acoustic alternative dark folk folk music review singer songwriter strings

Kristin McClement – “The Wild Grips” Review

Brighton has a new star in the world of the musical dark
Kristin McClement
Kristin McClement

A new British talent swept across my ears on Bandcamp last week and I was compelled to buy her new album – The Wild Grips. It just pulled me in immediately.

Opener “Blackfin Gulls” is a prime example. A backwards sounding drum brush signals its arrival before carefully laid acoustic guitar and a sumptuous voice breaks through. Soon enough the waltzing vibe takes over and what started off as a simple folksy track has warped into a dark and shadowy dance with all kinds of sounds popping in and out the track. There’s a lot of experimentation but it’s never at the fore of the track. In the same way “No End to the Drum” pushes a rockier tone with electric guitars and pianos calling out like a siren, it manages to avoid trying to stay still. Kristin’s voice is suited to this dark rock just as much as the initially lighter tone of the opener. The cryptic lyrics will certainly keep you guessing too.

“Giant No Good” is a lethargic gypsy track that is free-flowing in tempo, pace and style. Its percussion has attempted starts and flops out over the guitars and strings before it seems to have the power to get going for a really beautiful Arabic shaded closing section. It’s a long track but the pay off is worth it. “Hoax of a Man” is something of a travelling wonder. The integration of strings into the arrangements of the music gives the album an old world quality and when Kristin gets the middle of the track it all comes to a halt as she repeats “One by one the Lord collects children from floating beds” it all becomes ghostly and unnerving in the way nadir that the song feels like it’s hit. The outro then is a far more manic instrumental section and very fitting. The seven minute epic “Hope’s Departure” turns hope into a woman and the lyrical prowess shown here, and throughout the album is top shelf. The track itself is the quietest the album has had so far with a start/stop nature of bass and guitar and plenty of string bending to create a dreaded foreboding.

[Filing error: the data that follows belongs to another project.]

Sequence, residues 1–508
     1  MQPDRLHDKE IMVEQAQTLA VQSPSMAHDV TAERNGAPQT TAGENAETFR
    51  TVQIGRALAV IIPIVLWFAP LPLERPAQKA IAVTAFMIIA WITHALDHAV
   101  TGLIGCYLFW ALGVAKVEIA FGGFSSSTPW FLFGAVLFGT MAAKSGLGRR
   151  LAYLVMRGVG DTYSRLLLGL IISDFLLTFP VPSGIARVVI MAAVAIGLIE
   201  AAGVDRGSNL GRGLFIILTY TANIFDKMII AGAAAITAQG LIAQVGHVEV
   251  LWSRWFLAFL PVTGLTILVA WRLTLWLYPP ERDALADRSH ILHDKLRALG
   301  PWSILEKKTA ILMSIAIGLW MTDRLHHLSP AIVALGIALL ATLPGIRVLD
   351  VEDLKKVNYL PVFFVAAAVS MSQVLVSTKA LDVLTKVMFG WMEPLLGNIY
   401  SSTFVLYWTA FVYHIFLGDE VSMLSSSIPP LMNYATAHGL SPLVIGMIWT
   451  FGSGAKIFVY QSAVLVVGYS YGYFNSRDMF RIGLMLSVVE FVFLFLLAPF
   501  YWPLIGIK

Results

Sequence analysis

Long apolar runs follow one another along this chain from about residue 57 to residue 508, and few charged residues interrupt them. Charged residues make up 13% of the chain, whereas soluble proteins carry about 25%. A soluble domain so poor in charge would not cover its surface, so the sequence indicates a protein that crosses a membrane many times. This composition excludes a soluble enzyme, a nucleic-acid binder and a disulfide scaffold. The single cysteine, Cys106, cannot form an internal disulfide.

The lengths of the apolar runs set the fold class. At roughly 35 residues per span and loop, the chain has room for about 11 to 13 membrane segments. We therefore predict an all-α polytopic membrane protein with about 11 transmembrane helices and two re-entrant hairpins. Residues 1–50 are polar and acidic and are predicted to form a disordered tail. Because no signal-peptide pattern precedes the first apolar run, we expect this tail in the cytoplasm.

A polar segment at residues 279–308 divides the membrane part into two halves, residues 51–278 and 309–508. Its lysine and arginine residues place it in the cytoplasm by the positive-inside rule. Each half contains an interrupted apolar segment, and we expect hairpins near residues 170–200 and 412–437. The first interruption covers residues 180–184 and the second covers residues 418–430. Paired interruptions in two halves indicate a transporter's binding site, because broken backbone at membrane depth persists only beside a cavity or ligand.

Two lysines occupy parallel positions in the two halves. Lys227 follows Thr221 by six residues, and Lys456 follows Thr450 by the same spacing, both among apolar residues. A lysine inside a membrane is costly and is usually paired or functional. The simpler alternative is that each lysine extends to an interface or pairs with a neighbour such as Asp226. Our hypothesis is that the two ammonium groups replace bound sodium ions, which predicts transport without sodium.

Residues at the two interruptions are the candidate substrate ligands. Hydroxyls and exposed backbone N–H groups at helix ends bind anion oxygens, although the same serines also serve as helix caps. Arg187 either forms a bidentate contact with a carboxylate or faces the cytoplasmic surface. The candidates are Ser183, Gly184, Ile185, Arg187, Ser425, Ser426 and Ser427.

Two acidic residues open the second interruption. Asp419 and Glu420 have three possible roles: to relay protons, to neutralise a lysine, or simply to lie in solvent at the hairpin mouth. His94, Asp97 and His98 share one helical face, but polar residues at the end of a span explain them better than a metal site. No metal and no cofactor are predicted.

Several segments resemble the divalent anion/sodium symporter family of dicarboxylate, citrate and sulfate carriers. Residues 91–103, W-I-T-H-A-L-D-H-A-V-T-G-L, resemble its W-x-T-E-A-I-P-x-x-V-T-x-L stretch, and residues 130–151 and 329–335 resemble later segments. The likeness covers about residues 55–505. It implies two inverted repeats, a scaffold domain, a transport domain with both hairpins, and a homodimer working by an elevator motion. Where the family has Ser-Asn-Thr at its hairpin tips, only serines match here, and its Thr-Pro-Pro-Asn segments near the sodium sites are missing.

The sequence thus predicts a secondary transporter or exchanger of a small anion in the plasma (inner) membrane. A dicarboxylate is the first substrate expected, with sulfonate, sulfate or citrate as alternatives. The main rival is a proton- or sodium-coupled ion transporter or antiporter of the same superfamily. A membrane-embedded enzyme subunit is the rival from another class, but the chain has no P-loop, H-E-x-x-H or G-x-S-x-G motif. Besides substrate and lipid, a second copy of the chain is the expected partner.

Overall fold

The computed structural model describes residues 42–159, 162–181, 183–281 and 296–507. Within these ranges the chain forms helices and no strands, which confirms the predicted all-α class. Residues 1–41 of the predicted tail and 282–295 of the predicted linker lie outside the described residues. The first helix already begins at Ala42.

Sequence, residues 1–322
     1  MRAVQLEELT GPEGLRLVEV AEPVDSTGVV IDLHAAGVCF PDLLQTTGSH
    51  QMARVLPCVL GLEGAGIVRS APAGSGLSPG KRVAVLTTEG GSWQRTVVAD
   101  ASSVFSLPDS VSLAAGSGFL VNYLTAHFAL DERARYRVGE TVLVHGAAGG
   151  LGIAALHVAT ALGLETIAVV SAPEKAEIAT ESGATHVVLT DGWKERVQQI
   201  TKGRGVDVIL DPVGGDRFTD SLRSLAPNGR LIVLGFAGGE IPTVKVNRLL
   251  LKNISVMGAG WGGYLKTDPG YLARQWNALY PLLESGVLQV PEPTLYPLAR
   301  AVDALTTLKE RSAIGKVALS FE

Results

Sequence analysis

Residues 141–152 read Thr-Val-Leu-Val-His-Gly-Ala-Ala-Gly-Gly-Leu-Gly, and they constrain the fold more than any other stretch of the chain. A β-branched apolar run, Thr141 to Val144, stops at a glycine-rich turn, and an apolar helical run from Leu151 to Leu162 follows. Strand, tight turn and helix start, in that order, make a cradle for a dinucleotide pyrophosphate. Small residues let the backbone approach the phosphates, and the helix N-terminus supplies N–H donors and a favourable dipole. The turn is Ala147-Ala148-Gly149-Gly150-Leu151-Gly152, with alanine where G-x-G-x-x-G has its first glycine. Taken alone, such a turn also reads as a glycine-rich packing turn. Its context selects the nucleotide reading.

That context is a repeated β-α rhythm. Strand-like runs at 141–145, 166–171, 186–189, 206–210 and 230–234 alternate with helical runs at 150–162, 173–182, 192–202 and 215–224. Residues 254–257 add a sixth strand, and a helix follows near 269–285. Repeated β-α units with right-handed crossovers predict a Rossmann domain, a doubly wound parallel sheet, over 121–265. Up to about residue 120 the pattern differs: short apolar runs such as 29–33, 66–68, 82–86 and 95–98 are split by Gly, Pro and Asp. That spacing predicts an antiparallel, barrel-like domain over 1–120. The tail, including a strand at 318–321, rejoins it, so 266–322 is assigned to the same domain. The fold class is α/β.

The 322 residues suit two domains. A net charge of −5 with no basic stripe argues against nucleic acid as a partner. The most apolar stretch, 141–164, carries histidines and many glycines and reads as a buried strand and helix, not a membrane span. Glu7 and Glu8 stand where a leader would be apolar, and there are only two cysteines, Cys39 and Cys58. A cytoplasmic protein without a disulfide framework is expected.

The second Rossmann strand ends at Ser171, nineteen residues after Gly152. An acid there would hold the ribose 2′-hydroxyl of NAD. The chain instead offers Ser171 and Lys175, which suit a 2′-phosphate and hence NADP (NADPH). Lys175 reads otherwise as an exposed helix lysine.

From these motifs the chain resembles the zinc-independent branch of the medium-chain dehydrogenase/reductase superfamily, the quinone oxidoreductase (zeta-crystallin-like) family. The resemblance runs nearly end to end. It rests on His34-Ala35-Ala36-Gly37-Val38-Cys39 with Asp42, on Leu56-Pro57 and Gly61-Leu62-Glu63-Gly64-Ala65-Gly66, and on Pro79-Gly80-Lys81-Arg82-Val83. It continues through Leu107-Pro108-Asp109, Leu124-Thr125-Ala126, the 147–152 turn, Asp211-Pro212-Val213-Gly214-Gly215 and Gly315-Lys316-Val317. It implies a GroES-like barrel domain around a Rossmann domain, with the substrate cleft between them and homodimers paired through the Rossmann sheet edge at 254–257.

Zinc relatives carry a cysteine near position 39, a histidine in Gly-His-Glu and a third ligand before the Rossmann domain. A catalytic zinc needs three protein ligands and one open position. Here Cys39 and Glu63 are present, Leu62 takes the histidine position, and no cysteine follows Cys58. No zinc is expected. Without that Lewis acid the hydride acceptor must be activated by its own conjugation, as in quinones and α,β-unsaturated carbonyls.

“Mouthful of Shells” is one of only two sub four-minute tracks. I call this the Nick Cave track. It’s dark and arcane rock roots along with the purposely detuned vocal bridges that are catchy but enough to still make you shiver. It’s a really clever track in how the instrumentation switches up over the riffs too. “Drink Waltz” is a smokey ghost of a waltz as Kristin entices you in like a doom maiden softly singing “drink with me” as if it will be the last thing you will ever do. When her voice is multi layered onto herself she becomes a powerful beast when she isn’t charming you with it.

“Planks” is another building track where lots of little motifs and elements build together to create a dramatic finale. It also serves as another great way to show how Kristin is prepared to take her time crafting each track and it really improves the album and its vibe. I utterly appreciate it. Title track “The Wild Grips” is a simple track which is unusual for the album but its haunting beauty in the way it feels like it’s letting you go to sleep on its own terms makes the lullaby always have that sting in the tail. “Karoo” closes the album with a short 57 second muted piano riff that rolls in and out – I’d have loved to hear a song born from it.

“The Wild Grips” is really the first absolutely outstanding album I’ve reviewed in 2015 so far. As a new artist (to me at least) Kristin has captured the delicate nature of folk rock music and then wrapped it in the devils cape and served you the listener up with a spiked Martini. It’s utterly fascinating and quirky from start to end and I love the fact that at no point does any song feel rushed. There’s a lot of love here and I hope you find the love in it too.

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